E.J.D. M.D. P.h.D.

“Thoughts Are Rainbow Fish:

They Leap From Unthought Depths

To Prism the Summer Sun.”  EJD

Ernest J. DuPraw almost went to the moon. At least, he came much closer than most people. He was a zoologist out of UC Davis, a gymnast in fantastic shape, and overall an incredibly intelligent scientific mind. As he tells it, during the process of astronaut selection, he was asked what he expected to find when they landed on the moon. He answered with a joke - “I bet we’ll be knee-deep in grasshoppers.” He figures that didn’t land so well with the brass. They didn’t expect to find much life up there, so why bring a zoologist? He made it to the semifinals in NASA group 4 selection, but was eventually dropped from the program. 

Once, when I was 16 or 17, as my mother and I were leaving his house after a visit, he grabbed me very tightly by the wrist and pulled me aside. “I need to tell you something, give you some advice. Listen to me.” He spoke with alarming gruffness and didn’t let go of my wrist. “Women want to have babies. It’s their nature. They may say otherwise but it’s in their nature, they can’t help it. Watch out for them and be careful.” 

From the time I was 12 through my college years, and even after I graduated I would occasionally find a white 9”x12” USPS Priority Mail envelope sticking out of the mailbox. Inside would be issues of National Geographic, or photocopied articles from Nature, or books about space or biblical history. He would also include 3-5 photos that he had taken on his shitty little Canon Powershot camera. Everytime the pictures were almost identical: A close-up of a sunset colored rose that grew on the bush in his front yard. Sometimes his hand would be in the foreground, or gently cupping the rose. In a box somewhere I have dozens of these photos. About the photos he would say, “God made the rose, and God made this hand, but I made this photo.”

Ernie had his driver’s license revoked in his 70s after a police officer found him asleep behind the wheel in the parking lot of a liquor store. He was never one for beer or spirits. He made it through his youth without falling for either variety of alcohol, but in his middle age the wine got him good. I don’t know for sure if there’s a connection to his devout Christianity, but I’ve always sensed one. After his second wife left him, he lost his faith. I’m sure there was much wine after that. But somehow, he was exposed to the teachings of Sufism, that mystic brand of Islam whose celebrity is the poet Rumi. Through the poems and parables of that faith, he found his way back to Jesus - though not to the Catholic Church in which he was raised, but to the Greek Orthodox Church. I never quite understood that path, but he sent me three books of Sufi parables and I read each one of them devoutly.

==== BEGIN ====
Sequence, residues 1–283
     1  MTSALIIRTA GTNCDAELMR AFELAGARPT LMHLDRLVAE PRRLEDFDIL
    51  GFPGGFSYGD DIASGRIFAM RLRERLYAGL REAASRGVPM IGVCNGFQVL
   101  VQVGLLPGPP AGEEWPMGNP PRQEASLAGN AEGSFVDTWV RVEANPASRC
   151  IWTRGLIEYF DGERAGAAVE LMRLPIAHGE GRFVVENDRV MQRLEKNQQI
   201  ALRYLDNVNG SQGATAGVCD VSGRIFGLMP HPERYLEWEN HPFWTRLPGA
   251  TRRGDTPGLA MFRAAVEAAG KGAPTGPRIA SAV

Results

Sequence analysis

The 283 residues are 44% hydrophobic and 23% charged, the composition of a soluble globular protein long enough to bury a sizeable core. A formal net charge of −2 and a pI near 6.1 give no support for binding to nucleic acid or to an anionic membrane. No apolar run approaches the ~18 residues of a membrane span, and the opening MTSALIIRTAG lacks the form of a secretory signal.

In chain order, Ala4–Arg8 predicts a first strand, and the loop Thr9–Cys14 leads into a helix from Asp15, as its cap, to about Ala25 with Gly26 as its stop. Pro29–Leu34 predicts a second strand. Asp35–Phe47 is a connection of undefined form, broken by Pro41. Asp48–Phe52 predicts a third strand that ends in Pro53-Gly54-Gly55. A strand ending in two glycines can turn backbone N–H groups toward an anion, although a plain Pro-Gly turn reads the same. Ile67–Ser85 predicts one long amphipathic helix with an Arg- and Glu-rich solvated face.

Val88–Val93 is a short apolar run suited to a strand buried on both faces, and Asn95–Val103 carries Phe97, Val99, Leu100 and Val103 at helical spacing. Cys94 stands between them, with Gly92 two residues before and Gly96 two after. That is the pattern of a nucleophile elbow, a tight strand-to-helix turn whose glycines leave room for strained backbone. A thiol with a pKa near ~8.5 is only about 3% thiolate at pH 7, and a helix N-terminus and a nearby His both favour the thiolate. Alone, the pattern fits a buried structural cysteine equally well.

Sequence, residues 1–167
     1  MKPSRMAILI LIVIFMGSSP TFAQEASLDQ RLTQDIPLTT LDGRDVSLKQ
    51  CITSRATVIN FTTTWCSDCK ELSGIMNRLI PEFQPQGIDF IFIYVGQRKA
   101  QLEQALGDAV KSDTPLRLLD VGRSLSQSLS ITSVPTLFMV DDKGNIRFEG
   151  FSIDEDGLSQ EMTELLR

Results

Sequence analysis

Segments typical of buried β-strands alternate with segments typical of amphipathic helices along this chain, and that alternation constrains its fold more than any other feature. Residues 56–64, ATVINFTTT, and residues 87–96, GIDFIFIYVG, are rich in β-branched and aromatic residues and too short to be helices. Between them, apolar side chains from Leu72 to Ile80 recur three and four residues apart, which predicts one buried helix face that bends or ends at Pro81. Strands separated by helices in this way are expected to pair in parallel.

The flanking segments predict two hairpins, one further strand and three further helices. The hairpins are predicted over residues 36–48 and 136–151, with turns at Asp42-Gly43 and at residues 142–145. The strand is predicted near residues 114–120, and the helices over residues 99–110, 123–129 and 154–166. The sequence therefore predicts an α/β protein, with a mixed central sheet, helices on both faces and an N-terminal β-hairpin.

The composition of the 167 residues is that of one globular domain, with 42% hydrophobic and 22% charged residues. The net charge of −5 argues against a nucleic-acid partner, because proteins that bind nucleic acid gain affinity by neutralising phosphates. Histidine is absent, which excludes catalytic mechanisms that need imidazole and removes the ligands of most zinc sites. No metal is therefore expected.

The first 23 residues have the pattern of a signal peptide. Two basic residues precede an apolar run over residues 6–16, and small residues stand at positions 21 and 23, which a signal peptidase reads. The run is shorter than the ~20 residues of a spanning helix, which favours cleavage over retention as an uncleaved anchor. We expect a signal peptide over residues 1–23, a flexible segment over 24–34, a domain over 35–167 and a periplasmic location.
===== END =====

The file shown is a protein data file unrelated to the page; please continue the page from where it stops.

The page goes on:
For my 23rd birthday my grandfather sent me a card in which he expressed that he felt as if his whole family - all 6 of his children, both of his ex-wives, and presumably all of his grandchildren other than myself - had died in a car crash. They were dead to him. I don’t think he even wrote happy birthday.

Once on a long car ride, just the two of us headed to Sequoia National Park, he told me that he wasn’t even sure that my other mom was real. He had no recollection of her, despite the fact that he had stayed with us when I was a toddler, despite that she had once helped him pack and move out of a house on short notice, despite the fact that she had raised me, that there were pictures of her, and that she had been his daughter’s partner for over 20 years.

During a period of somewhat improved family relations, when I was maybe 7 or 8, all of my uncles and aunts, my mom, and Grandpa Ernie went camping in some state park in California. I had a cousin named Taliesin, who was the same age as me and we were always hanging out together. Grandpa Ernie presented us each with a gift; for me a pocket knife, the metal hilt pocked to resemble a gun barrel. For Taliesin a plain black casio watch. It was clear who was the favorite.

In the ‘60s at UC Davis Dr. DuPraw performed some of the world’s first research with the electron microscope. He then went on to Stanford University, where he published several textbooks on DNA and chromosomes, featuring some of the first images ever taken with the electron microscope. The books were translated into multiple languages and read and taught around the world. I think these books are what he was most proud of. In the days leading up to his death, my mother asked him what was bringing him happiness these days. He said, “The knowledge that my words changed the way the world thinks.” He told my mom that he wanted to dictate a letter for her to send to Stanford to be included with his texts. 

Dr. DuPraw would eventually get his MD from Standford (and PhD from Columbia), and practiced as a psychiatrist for the military. He once showed me a KA-BAR knife that he had received as a gift from a patient of his - a marine who had fought in Vietnam. On one side of the knife’s leather-wrapped handle were notches marking the number of Viet Cong the man had killed, on the other side were notches marking North Vietnamese who had met the same end. There were over 30 notches in total. After working with my grandfather, that marine was able to let go of that knife, and perhaps the ghosts it represented.

This morning at 10am, Dr. Ernest J. DuPraw died in the back of an ambulance in Bakersfield, California. I had not spoken to him in at least four years. But I did send him a letter a few months ago telling him that I loved him.

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